End of the fourth, Mariners 2, Red Sox 1: After Felix Hernandez went worked nine innings, struck out 11, gave up five hits and just one run to Minnesota and came away without a decision (in a game the Mariners lost, 3-2, no less), the quotes from interim manager Robby Thompson couldn’t have sounded more disheartened.
“That was vintage Felix,’’ Thompson told the Seattle Times. “And again, obviously there was not whole lot of run support for him and we squandered some opportunities.”
He’s 102-25 with 2.88 in 168 career starts when the Mariners give him 2 or more runs of support. The Mariners scores 29 runs for him in his four starts in July, but he’s gotten two or fewer 11 times this season.
He’s pitching well again, but doesn’t have a lot of room to work with.
End of the third, Mariners 2, Red Sox 1:The walks are slowly starting to stack up for Ryan Dempster. He paid putting Kyle Seager on first then giving up a single to Kendrys Morales lead off the third. After he got Michael Saunders to whiff at a slider, Justin Smoak lined a fastball to right to score Seager.
The Sox were able to get one back on a play that simultaneously scored a run and ended the inning. Jacoby Ellsbury led things off with a double — his second hit of the night, then moved to third on Shane Victorino’s fly ball to center. Dustin Pedroia worked a walk out of Hernandez to make it first and third with one out for David Ortiz.
Ortiz did his job, lifting a fly ball to left field. As Ellsbury raced home, Seager cut the throw off in the middle of the infield and fired to second to catch Dustin Pedroia just after Ellsbury crossed the plate.
Meanwhile, Felix Hernandez is at 44 pitches.
End of the second, Mariners 1, Red Sox 0: Outside of a five-pitch walk to Henry Blanco, things went a little more smoothly for Dempster in the second.
He got Dustin Ackley to sky out to right, fanned Brad Miller with a splitter and got Nick Franklin to fly out to center. In all, it only took him 14 pitches.
On the other end of the things, the Sox couldn’t take advantage of a Stephen Drew’s leadoff single off Hernandez, who buzzed the bottom of the lineup. Daniel Nava and Brock Holt both grounded out on weak contact and Ryan Lavarnway whiffed at 93-mile per-hour curveball.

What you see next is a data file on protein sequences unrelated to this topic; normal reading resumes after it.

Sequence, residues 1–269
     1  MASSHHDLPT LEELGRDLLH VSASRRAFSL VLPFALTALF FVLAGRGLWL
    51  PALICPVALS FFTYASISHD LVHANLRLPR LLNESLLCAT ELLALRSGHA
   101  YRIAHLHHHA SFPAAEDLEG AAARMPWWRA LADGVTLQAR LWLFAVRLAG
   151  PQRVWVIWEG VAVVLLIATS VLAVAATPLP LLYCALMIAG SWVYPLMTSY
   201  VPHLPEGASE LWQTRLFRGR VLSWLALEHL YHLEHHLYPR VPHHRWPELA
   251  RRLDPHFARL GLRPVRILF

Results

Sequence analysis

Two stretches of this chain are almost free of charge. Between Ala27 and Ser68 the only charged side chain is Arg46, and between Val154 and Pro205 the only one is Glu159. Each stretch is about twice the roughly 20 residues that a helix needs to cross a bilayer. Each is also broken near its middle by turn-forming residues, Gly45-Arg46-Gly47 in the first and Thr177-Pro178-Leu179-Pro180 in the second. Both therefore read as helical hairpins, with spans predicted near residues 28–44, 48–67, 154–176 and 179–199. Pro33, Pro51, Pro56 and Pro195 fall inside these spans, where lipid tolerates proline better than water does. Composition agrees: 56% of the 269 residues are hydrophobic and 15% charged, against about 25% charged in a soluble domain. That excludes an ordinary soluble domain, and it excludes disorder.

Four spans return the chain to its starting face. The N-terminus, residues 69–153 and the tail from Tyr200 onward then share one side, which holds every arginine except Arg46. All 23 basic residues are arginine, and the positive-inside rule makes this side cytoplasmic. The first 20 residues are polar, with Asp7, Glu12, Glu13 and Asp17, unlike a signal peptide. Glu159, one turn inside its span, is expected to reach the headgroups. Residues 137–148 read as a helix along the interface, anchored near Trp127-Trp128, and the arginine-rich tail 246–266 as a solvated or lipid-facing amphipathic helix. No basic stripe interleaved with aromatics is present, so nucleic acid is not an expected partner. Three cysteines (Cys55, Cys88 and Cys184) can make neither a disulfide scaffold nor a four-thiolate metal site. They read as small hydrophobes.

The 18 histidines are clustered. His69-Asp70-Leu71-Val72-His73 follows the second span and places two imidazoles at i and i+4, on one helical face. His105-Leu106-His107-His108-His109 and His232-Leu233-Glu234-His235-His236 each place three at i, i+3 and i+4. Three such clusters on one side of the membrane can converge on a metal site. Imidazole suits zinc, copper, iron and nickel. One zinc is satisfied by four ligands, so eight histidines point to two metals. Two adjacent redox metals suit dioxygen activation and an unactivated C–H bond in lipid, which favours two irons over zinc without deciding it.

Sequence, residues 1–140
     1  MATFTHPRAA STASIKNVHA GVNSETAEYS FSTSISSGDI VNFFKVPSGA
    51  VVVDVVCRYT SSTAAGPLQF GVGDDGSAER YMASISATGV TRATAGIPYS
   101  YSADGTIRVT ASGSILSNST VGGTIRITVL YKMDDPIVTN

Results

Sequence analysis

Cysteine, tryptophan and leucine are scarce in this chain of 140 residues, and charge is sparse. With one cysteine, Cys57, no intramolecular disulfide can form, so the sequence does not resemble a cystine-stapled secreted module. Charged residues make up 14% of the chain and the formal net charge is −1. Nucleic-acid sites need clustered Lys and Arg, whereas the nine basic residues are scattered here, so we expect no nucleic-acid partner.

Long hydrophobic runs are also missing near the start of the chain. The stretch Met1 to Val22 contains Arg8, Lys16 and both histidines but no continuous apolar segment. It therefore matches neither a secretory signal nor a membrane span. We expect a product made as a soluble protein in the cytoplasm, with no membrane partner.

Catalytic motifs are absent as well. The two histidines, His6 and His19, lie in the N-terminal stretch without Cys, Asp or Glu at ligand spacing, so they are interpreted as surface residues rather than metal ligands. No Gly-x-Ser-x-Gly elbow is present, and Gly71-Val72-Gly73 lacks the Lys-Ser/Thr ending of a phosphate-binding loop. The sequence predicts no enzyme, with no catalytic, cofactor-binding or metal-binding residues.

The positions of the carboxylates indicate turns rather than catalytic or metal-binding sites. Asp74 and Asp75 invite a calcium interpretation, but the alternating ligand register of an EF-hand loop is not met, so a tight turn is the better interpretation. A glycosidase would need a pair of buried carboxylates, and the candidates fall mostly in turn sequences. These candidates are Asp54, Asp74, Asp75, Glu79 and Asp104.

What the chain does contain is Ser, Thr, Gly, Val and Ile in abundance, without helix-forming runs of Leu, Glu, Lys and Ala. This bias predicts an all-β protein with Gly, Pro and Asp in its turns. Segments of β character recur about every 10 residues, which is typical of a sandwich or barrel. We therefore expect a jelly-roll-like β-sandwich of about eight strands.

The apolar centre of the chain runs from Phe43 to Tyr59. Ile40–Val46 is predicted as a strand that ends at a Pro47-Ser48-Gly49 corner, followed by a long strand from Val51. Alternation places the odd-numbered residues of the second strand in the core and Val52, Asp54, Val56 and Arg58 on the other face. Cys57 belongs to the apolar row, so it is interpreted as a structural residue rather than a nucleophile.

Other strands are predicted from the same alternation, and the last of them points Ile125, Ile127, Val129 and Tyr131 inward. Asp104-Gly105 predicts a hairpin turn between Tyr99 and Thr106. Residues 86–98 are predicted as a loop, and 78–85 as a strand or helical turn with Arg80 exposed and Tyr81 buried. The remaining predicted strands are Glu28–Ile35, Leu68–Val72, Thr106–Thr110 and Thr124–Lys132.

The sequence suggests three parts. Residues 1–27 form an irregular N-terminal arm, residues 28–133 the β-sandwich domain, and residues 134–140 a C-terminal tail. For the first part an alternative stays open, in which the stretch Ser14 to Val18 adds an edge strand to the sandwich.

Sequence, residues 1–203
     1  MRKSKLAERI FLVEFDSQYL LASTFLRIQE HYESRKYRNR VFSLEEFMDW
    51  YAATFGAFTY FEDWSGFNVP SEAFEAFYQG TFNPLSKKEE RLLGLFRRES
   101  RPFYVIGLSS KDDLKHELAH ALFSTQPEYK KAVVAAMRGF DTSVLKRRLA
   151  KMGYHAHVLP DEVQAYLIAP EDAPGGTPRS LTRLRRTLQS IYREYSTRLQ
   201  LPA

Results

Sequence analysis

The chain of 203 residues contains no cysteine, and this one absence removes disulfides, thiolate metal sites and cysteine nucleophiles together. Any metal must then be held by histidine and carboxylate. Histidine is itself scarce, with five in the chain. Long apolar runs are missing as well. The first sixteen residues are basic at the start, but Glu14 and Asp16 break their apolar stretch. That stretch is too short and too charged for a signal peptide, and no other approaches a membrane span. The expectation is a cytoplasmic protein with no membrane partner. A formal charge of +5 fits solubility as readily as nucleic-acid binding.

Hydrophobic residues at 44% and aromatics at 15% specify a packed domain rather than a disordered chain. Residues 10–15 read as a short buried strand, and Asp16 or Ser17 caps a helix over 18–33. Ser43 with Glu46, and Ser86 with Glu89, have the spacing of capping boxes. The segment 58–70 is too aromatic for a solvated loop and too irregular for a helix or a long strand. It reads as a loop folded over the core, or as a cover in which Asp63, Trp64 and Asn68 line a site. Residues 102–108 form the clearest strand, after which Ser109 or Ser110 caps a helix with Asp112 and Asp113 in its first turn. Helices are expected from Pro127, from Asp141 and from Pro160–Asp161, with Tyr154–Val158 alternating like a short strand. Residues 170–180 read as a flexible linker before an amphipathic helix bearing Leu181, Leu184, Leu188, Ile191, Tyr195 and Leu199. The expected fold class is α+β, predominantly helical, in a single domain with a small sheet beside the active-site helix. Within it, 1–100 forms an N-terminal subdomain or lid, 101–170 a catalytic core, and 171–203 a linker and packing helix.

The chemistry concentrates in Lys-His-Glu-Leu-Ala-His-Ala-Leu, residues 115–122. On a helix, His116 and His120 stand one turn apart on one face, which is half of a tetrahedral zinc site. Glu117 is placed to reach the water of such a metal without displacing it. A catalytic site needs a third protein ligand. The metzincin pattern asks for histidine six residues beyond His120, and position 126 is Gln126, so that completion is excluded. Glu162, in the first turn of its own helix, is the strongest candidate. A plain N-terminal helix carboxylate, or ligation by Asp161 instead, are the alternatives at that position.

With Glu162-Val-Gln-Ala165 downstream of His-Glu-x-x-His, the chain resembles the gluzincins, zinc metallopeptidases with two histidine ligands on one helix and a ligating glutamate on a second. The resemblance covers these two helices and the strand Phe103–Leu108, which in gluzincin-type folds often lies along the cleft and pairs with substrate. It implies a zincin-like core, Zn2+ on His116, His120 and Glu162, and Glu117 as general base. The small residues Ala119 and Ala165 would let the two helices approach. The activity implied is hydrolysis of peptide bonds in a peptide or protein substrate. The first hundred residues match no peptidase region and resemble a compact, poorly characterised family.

As @PeteAbe points out, Lavarnway’s had a tough draw recently.
Last 4 pitchers Ryan Lavarnway has started against: Bartolo Colon, Matt Moore, David Price and King Felix tonight.
— Pete Abraham (@PeteAbe) August 1, 2013
End of the first, Mariners 1, Red Sox 0:You don’t see many No. 3 hitters laying down bunts with runners in scoring position, but with one out and Brad Miller on third thanks to a leadoff single, that’s how Kyle Seager managed to get the run home.
It’s only the second time he’s dropped a bunt down this season and the eighth time he’s done it in his career, and it got the Ms an early lead.
Meanwhile, the Sox were silenced by King Felix. But here’s something interesting. Farrell said, if it go to a point where Hernandez was throwing a ton of strikes, the Sox would have to consider jumping on him earlier in the count.
From Jacoby Ellsbury (three-pitch at-bat) to Shane Victorino (3) to David Ortiz (1) to Mike Carp (4 with two swinging misses), the Sox don’t seem like they’re going to sit around while another pitcher pumps them full of strikes.
Pregame: Everyone’s still bouncing back from 15 physically and mentally draining innings, but with Felix Hernandez on the mound, the Red Sox don’t get much of a chance to breath.